During the presentation, which included Kickstarter employees, Temkin took the audience on a trip through what it’s like to launch a Kickstarter project. He walked through the crowdfunding platform’s back end, which includes setting categories, uploading product images and videos, creating descriptions and more.

Temkin submitted the project onstage, and Kickstarter’s project specialist Luke Crane and head of community Cindy Au talked it over as if he weren’t there. Approval usually takes 24-48 hours, but they approved the project onstage.

Within minutes, it exceeded its $230 goal.

After the project launched, they took questions form the floor, which was filled with former, current and potential Kickstarter project runners.

"Everyone’s gotten help from people who’ve been there before," Temkin said.

He encouraged people who want to use Kickstarter to reach out to those who’ve been there before.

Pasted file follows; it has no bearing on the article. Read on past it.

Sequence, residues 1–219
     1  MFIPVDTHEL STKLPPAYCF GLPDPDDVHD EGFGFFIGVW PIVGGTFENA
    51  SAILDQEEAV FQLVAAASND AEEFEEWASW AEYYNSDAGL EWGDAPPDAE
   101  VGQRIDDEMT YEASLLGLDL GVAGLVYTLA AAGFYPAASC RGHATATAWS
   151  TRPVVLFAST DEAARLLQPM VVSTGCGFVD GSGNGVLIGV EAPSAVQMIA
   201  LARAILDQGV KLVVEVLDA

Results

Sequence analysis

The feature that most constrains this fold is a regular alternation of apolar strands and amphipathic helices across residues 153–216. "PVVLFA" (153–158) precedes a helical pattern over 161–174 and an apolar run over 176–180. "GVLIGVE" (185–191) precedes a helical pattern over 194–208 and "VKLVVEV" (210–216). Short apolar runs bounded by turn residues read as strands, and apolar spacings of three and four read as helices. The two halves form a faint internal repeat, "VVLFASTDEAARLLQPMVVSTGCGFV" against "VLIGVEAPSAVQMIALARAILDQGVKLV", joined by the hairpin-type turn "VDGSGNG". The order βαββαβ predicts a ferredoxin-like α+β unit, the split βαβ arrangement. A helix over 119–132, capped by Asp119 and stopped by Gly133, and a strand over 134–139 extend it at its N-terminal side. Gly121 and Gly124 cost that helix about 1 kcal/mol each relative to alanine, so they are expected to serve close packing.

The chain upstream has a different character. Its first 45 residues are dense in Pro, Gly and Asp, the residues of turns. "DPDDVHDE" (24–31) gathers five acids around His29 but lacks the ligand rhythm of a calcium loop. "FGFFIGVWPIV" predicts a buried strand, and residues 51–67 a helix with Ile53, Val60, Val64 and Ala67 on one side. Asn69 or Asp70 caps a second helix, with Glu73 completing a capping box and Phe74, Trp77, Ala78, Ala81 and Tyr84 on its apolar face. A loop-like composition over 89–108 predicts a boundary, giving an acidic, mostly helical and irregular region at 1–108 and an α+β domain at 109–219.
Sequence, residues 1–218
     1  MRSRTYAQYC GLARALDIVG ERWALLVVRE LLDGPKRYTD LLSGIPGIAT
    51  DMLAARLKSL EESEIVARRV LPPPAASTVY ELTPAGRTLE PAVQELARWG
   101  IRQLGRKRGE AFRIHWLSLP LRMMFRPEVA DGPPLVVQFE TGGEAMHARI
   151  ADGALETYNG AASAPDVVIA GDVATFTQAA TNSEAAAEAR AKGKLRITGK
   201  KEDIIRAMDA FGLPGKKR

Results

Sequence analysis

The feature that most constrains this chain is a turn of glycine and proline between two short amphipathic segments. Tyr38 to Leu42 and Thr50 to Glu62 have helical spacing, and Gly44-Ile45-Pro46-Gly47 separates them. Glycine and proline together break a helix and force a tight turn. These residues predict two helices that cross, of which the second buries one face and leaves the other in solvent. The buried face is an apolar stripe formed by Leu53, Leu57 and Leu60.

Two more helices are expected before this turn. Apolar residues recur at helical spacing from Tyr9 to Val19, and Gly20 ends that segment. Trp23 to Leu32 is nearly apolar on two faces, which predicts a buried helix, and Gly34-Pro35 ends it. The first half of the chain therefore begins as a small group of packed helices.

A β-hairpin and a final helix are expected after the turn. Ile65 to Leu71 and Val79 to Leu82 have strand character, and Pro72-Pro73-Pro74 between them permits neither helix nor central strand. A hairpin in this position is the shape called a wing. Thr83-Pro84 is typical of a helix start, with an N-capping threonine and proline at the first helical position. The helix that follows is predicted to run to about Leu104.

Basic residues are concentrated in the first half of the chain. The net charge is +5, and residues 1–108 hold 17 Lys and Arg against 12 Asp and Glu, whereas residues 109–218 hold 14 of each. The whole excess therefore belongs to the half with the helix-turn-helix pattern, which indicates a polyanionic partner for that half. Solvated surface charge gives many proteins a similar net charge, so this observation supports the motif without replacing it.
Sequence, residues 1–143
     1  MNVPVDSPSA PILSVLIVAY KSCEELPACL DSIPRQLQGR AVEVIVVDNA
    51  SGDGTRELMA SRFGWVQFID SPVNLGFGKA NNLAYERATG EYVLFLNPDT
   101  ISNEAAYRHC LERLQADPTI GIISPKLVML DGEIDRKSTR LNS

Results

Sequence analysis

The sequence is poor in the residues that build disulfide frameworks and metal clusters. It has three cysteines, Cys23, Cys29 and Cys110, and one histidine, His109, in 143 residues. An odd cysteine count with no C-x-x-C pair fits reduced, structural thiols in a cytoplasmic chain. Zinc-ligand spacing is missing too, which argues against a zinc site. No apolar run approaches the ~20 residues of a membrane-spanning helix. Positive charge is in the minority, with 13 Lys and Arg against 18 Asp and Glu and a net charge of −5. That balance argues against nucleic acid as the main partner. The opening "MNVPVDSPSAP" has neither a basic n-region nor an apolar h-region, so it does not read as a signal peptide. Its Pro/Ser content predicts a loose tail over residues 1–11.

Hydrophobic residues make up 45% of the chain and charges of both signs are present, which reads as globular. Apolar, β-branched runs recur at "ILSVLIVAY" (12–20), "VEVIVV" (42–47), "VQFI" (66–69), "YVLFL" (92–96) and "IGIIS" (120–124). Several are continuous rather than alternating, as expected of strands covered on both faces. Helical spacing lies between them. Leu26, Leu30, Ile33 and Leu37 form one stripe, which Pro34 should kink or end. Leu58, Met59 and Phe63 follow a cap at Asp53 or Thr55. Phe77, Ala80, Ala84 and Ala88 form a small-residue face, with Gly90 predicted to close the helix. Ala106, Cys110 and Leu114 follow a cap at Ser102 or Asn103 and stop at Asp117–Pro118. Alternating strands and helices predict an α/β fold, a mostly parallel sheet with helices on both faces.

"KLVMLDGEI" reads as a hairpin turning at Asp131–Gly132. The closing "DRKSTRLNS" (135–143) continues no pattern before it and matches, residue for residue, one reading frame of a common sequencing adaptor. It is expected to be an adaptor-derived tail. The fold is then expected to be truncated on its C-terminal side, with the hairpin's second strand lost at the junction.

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This is what gamers look like if you put female characters into your games.

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Cards Against Humanity is now made in the United States of America.

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Ridiculous Fishing is out!

For the last few months, my friends Greg, Zach, and Rami have been working on this game called Ridiculous Fishing. Here’s how it works:

  • You throw your hook into the water
  • You guide the hook down, avoiding fish for as long as possible
  • When you finally hit a fish, you guide your hook back up and snag as many fish as you can
  • You throw the fish into the air
  • You shoot the fish with an Uzi and they explode into a pink mist